Picks and Pans Review: Fictitious Sports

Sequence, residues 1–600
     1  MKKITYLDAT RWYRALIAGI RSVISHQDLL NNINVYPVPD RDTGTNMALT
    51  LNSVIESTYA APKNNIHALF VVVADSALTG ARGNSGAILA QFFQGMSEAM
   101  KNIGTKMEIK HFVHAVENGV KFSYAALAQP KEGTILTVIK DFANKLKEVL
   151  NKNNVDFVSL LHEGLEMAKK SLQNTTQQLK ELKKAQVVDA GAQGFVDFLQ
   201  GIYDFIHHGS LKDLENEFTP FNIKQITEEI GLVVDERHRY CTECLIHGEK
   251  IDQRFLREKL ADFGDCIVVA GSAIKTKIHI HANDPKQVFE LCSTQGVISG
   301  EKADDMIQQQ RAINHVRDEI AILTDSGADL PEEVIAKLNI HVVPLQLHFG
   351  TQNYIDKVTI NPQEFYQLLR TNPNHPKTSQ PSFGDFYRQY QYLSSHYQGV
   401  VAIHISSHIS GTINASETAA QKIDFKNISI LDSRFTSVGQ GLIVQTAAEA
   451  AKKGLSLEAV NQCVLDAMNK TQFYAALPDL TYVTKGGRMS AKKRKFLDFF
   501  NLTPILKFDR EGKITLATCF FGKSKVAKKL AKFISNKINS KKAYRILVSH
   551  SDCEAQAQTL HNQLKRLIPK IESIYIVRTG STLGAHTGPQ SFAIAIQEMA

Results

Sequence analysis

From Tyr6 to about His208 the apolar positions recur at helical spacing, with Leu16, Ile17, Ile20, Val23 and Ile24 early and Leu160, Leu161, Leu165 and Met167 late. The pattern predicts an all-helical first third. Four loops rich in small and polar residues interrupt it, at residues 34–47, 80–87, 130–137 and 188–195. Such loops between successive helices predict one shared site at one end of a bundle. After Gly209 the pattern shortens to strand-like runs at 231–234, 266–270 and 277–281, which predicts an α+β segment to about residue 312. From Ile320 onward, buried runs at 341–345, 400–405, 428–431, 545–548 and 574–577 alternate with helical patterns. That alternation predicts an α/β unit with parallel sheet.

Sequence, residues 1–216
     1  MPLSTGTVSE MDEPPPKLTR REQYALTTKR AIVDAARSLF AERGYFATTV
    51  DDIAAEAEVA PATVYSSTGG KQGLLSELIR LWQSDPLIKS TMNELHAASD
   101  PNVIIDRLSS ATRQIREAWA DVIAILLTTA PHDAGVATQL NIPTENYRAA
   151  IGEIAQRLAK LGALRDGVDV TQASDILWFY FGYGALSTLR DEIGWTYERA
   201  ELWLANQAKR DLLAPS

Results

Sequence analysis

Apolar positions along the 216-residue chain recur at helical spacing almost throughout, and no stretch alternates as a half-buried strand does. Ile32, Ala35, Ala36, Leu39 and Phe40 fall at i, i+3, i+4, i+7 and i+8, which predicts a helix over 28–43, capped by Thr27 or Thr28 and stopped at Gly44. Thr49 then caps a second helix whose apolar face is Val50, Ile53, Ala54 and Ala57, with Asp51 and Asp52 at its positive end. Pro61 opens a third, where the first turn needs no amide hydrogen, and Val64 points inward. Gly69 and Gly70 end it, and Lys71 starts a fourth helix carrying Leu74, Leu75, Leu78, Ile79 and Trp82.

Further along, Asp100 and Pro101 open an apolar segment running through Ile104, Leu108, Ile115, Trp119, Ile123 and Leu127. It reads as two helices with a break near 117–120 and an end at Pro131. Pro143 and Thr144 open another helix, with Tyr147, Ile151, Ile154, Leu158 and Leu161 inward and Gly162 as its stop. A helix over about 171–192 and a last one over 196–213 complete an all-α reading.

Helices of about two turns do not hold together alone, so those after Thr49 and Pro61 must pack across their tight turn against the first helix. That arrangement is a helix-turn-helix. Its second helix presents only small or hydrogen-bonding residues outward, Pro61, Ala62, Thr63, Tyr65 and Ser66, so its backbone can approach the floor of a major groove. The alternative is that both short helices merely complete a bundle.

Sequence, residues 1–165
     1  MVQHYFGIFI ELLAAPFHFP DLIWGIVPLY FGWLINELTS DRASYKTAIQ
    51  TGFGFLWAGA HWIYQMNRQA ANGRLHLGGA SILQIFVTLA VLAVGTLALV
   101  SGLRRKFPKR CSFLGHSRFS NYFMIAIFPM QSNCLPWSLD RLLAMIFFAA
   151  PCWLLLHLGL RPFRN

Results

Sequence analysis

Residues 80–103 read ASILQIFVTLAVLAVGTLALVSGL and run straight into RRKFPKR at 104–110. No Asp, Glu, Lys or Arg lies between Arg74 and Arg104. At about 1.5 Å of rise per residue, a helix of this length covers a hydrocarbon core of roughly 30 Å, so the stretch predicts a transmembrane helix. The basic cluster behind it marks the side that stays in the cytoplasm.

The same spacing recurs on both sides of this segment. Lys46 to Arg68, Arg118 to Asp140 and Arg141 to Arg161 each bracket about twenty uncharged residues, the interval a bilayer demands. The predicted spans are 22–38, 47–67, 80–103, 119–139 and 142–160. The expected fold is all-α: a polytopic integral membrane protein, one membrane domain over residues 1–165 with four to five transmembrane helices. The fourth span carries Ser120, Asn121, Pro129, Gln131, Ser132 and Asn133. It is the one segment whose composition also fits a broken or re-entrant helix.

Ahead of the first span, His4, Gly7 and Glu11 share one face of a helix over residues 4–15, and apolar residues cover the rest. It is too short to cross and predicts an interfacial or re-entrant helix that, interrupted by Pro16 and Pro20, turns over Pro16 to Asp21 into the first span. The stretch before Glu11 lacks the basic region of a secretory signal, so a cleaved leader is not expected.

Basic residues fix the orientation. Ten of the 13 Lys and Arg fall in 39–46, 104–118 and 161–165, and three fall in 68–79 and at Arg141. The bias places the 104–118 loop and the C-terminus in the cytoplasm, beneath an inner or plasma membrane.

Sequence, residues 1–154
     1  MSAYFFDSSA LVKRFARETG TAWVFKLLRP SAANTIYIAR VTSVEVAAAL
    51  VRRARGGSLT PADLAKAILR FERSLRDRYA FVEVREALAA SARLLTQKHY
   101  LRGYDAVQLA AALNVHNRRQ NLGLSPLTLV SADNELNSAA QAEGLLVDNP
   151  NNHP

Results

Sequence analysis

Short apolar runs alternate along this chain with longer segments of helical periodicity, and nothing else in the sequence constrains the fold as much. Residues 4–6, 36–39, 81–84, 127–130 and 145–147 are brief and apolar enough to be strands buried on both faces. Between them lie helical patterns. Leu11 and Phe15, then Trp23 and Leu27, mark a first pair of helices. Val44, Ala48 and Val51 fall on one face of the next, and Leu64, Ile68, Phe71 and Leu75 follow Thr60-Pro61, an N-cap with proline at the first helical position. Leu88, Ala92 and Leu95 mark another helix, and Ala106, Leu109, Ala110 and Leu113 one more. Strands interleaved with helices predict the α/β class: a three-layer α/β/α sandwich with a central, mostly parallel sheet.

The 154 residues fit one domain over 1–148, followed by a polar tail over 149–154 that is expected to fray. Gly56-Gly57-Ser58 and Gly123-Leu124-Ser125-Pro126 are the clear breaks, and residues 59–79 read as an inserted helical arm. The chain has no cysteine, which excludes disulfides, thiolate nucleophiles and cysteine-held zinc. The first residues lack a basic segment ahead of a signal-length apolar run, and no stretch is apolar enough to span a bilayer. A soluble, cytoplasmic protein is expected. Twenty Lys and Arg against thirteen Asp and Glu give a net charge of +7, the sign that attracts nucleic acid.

These albums could substantiate for a wide audience what jazz aficionados have been saying for two decades: Bley (rhymes with hay) is a composer to be reckoned with. Her accomplishments in these releases are considerable and distinct. Social Studies, a suite for Bley's nine-piece band, is lively, subtle, Spanish-tinged and bluesy. It combines, in the tradition of Charles Mingus and Duke Ellington, the seemingly antithetical virtues of freewheeling spontaneity and carefully plotted orchestral effects. On Fictitious Sports, recorded by a group led by Pink Floyd drummer Mason, all the words and music are by Bley. It is that rarity, a genuine commingling of the essences of jazz and rock. Instead of the churning funk of most "fusion" music, Bley juxtaposes disparate melodic and rhythmic ideas as well as such instruments as Howard Johnson's tuba and Chris Spedding's rock guitar. The same wit and clarity inform her lyrics, sung by Karen Kraft and an endearingly grainy tenor, Robert Wyatt. Long revered in Europe but little known here, the Oakland-born Bley, 43, writes pointedly in Boo to You Too, "Keep your chin up/Play what you feel/Music is always good if it's real/Even if they're cruel to you/You got to do what you do." She does, brilliantly.